Paper No. 12
Presentation Time: 11:40 AM


MYERS, Christopher G.1, OSTER, Jessica L.1, BREITENBACH, Sebastian2, SHARP, Warren D.3, SEEBER, Leonardo4 and GOODBRED Jr, Steven L.1, (1)Earth and Environmental Science Department, Vanderbilt University, Nashville, TN 37240, (2)Department of Earth Science, Eidgenössische Technische Hochschule (ETH), Zurich, CH-8092, Switzerland, (3)Berkeley Geochronology Center, Berkeley, CA 94709, (4)Seismology Geology and Tectonophysics, Lamont-Doherty Earth Observatory, 61 Route 9W, PO Box 1000, Palisades, NY 10964-8000,

Densely populated Northeast India is considered one of the six most seismically active regions in the world and has experienced 18 large earthquakes (M>7) over the last 100 years. Yet, a lack of observable surface ruptures in the region has hindered long-term paleoseismic reconstructions. To date, radiocarbon analysis of organic matter captured in liquefaction features has provided the primary means for dating past large earthquakes and determining earthquake recurrence intervals in northeast India over the last 1,500 years.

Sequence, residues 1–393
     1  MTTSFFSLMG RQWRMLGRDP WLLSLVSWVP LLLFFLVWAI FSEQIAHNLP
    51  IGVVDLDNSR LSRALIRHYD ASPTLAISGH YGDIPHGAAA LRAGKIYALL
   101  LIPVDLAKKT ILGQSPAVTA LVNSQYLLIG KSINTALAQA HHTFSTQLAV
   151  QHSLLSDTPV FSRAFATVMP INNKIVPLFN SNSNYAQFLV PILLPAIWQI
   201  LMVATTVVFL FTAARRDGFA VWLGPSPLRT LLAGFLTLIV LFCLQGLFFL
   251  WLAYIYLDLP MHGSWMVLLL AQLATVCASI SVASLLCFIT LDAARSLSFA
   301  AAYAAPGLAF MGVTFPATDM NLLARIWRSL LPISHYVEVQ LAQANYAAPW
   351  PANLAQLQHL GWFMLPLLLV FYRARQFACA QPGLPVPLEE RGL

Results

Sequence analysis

We are evaluating the potential of broken speleothems (secondary precipitates) in caves developed along the Shillong Anticline for reconstructing the temporal pattern of past major seismic events in northeast India on millennial and longer timescales. Tectonically broken speleothems have been successfully used in various regions worldwide to date past seismic events (e.g. Kagan et al., 2005, Geology; Panno et al., 2009, BSSA). Mawmluh Cave on the southern margin of the Shillong Anticline is an ideal location to test and develop this approach due to its close proximity to the active Dauki fault and the presence of multiple types of broken speleothems, which include actively growing and annually banded aragonite speleothems. The Dauki fault is an active blind thrust fault and was likely responsible for the magnitude 8.1 earthquake of 1897. In 2013, we collected broken speleothems, including toppled stalagmites, stalagmite stumps with rejuvenated growth, and fallen soda straw stalactites, from Mawmluh Cave, while avoiding speleothems broken by unconsolidated sediment failure and those in areas of the cave subject to flooding or likely human interference. Initial U-Th analyses show that Mawmluh speleothems have ~40-50 ppm U, low 232Th, and low initial 230Th based on near-zero age samples from active stalagmites. Accordingly, Mawmluh speleothems are geochemically highly favorable for precise and accurate U-series dating of samples as young as a few years, allowing us to compare speleothem breakage dates with known major seismic events in the region. If successful, this method will aid in assessing seismic hazards in the area, thereby supporting measures to mitigate seismic risk.